Public Health Emergency Preparedness
Like all communities, the Upper Valley faces many threats with the potential for large-scale health consequences, including disease outbreaks, natural and manmade disasters. Some of the impacts are short-lived and some, like the mental health impacts on survivors and the surrounding community, can be long-lasting. The public health, mental health, health care, and emergency response systems must be prepared to work with communities to build capacity and resilience. Public Health emergency preparedness focuses specifically on those systems that aim to improve the overall health of the public by ensuring equity of services, particularly those that promote protective health such as vaccinations, safe housing, environmental safety and others. It also looks to health care systems which serve the community in emergencies such as our hospitals, clinics, and emergency medical services among others, and ensures that these institutions have robust plans that are adaptable and scalable to emergencies, and that they are prepared to serve their community in times of need.
Public Health Council Goals for Emergency Preparedness
- Strengthen community preparedness in the Upper Valley.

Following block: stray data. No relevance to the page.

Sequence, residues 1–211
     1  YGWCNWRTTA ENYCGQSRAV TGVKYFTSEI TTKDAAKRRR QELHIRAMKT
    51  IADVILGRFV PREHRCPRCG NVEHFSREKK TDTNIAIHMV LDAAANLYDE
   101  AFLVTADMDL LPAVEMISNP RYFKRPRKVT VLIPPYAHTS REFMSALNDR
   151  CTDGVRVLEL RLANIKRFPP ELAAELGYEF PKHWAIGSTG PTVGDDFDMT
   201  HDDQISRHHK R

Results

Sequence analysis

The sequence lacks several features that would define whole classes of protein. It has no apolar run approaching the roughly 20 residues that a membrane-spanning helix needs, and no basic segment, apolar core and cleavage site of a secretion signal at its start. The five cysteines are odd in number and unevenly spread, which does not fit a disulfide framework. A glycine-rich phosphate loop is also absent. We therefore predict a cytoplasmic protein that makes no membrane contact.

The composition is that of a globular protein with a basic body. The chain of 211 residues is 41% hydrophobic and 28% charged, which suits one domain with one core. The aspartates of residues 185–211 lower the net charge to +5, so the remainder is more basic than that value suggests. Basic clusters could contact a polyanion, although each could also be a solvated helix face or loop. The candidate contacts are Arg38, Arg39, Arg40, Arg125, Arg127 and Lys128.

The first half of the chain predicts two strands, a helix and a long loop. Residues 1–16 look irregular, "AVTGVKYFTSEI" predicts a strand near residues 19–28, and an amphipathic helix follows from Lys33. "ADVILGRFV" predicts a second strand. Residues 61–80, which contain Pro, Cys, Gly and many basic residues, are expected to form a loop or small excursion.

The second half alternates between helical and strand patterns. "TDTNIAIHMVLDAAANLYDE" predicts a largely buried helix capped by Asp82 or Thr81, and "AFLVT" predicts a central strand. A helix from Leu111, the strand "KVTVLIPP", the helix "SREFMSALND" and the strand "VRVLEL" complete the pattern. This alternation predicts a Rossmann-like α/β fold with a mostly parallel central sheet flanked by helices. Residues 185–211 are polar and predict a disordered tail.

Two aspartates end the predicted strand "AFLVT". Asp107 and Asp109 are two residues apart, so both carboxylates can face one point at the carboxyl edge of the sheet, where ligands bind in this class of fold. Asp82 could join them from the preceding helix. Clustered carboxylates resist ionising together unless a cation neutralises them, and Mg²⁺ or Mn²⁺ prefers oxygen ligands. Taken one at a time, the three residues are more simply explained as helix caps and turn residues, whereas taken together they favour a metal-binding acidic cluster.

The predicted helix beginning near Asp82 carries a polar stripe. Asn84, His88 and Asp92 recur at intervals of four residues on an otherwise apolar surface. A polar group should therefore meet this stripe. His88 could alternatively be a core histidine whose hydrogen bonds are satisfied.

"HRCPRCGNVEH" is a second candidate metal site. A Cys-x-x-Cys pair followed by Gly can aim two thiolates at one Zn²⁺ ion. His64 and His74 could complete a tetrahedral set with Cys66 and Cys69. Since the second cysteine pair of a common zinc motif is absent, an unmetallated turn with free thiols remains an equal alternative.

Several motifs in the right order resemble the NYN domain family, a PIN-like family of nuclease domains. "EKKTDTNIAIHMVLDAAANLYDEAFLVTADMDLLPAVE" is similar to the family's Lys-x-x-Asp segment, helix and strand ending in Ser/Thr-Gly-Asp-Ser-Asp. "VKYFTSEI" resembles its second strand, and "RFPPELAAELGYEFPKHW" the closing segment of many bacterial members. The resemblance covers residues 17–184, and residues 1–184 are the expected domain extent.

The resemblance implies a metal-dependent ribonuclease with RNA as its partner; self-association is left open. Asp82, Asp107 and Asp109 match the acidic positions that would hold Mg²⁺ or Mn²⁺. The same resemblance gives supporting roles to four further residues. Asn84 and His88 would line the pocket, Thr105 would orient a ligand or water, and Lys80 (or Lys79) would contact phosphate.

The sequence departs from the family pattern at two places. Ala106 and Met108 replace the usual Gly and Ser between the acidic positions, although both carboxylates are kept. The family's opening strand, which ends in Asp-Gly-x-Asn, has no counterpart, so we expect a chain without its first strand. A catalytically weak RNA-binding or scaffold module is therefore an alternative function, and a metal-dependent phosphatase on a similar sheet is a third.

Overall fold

- Provide effective public information and warnings in the event of an emergency.
- Effectively support the Upper Valley during Mass Care Events.
Key Partners Working on these Goals
Upper Valley Regional Public Health Network
(New Hampshire-based public health emergency planning region)
The Upper Valley Regional Public Health Network includes Canaan, Dorchester, Enfield, Grafton, Grantham, Hanover, Lebanon, Lyme, Orange, Orford, Piermont, and Plainfield. The Regional Public Health Network serves the approximately 44,600 people living in these communities.
The Network provides leadership through the Regional Coordinating Council and coordination to improve the readiness of partners to mount an effective response to public health emergencies and threats. This work includes the maintenance of a Regional Public Health Emergency Annex, which includes plans for response to and recovery from public health emergencies that impact communities in the region. In addition, the Network works closely with hospitals, municipal emergency management directors, and other governmental, public health, and health care entities to plan for public health emergencies and ensure the provision of public health, medical, and behavioral health services before, during, and after an incident.
NH Contact Person: Anna Hullinger, Coordinator
Upper Valley Public Health Emergency Preparedness
Upper Valley Medical Reserve Corps Co-Coordinator
Emergency Planning in South Central Vermont